To my more conservative brothers and sisters: Trust God the Holy Spirit. Allow God to work. Don’t try and play this out and get ahead of what God is doing.

Don’t work on the next bunch of ultimatums.  Don’t slip into the belligerence of “The Primates didn’t do enough” or into the triumphalism of “See, they’re never going to change.”  Don’t just be correct in your analysis or your theology, be right in spirit, and generous in relationship.  And be very careful, because sometimes you don’t speak the truth in love, and rather than sharing the gospel, you end up convincing others of the lie that the grace of God is peculiarly inaccessible to them.  I’m preaching to myself here.

To my more progressive brother and sisters: Trust God the Holy Spirit.  Allow God to work. Don’t try and play this out and get ahead of what God is doing.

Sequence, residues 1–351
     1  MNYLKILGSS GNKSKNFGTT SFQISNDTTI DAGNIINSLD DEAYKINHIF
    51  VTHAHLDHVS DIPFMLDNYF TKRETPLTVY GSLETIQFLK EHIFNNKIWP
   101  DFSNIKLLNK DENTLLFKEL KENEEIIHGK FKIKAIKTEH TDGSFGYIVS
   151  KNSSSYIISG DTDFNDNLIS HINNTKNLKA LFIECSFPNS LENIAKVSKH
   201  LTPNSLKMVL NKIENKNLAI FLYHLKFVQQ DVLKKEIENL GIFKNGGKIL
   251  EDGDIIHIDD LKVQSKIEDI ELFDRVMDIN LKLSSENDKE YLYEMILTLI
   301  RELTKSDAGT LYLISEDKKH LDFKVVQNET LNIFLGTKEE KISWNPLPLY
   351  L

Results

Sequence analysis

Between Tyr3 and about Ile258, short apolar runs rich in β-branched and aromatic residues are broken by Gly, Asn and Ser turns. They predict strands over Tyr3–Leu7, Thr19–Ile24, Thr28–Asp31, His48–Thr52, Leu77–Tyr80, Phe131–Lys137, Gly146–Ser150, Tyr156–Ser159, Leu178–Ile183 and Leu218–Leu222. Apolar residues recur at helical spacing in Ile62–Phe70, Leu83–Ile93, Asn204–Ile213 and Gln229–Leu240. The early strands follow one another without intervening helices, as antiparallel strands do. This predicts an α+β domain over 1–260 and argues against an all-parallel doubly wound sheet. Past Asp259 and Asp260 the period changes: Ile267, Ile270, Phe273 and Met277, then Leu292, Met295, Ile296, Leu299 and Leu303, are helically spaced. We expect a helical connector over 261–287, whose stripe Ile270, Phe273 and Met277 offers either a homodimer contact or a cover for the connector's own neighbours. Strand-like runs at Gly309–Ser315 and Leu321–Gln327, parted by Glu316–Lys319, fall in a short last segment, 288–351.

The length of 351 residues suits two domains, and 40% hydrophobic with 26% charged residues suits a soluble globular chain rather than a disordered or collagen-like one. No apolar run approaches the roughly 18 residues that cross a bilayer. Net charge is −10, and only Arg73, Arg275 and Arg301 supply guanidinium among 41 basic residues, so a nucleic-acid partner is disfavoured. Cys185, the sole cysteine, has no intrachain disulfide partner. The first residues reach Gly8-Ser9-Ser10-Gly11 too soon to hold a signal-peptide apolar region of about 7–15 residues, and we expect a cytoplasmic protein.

Please pause and take stock.  The way forward is not to belittle or tear down with accusations of cowardice or bigotry.  Certainly avoid the aspersions towards African culture that have now been prevalent, some of which have been uninformed and bigoted.  Be your best, with that sweetness of spirituality that can truly teach and lead the rest of us.  On the issue at hand: if changing our doctrine of marriage is truly what is needed to pursue the will of God for human flourishing, then your task isn’t to defeat the other side, but to convince us and bring us with you; isn’t that the essence of Communion, trusting in God?  Personally speaking, you haven’t convinced me, and I do not believe I am hardened of heart.

As Gill and I exited Canterbury Cathedral last week, a cold wind whipped up from what was a gentle breeze.  It seems to have become a storm, and that’s a shame.  Because the Primates took us to an honest but painful place, a step towards, not away from, good disagreement.  We don’t know what happens next.  But God is good.